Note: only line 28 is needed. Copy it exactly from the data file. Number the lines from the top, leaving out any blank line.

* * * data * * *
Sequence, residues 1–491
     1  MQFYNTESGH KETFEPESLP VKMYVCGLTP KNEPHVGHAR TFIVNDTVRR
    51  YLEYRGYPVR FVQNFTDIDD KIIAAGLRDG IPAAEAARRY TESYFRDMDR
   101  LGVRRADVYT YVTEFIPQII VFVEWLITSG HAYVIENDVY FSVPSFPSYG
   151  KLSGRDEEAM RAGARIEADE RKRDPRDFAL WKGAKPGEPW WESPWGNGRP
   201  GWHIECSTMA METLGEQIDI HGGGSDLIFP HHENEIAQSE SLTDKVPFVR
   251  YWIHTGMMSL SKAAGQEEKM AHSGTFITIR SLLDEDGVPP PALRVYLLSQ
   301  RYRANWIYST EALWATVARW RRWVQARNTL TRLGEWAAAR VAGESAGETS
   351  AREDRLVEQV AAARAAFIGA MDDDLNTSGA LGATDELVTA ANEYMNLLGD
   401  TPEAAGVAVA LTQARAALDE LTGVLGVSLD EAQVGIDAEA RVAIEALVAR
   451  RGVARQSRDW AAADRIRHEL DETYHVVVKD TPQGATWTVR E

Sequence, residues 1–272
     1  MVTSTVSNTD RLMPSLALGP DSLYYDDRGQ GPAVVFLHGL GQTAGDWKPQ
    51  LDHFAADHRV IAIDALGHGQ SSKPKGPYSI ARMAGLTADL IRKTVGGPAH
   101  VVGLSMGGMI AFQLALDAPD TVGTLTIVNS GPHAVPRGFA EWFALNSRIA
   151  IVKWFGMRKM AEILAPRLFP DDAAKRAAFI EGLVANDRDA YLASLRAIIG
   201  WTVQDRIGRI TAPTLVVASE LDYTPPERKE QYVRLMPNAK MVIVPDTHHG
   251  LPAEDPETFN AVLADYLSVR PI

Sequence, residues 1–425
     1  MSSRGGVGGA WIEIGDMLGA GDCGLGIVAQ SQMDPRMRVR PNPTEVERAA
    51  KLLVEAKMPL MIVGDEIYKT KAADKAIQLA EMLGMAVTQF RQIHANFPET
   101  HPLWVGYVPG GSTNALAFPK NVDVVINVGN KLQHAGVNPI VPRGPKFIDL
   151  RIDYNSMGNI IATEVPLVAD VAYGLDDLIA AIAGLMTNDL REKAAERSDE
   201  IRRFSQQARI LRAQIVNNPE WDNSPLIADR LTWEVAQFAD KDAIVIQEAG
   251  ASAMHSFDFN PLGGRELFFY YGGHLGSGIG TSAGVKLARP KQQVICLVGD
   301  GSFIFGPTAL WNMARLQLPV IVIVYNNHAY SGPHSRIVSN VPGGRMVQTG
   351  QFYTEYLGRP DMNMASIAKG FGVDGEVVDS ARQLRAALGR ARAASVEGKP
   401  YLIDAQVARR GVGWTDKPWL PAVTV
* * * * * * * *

   401  YLIDAQVARR GVGWTDKPWL PAVTV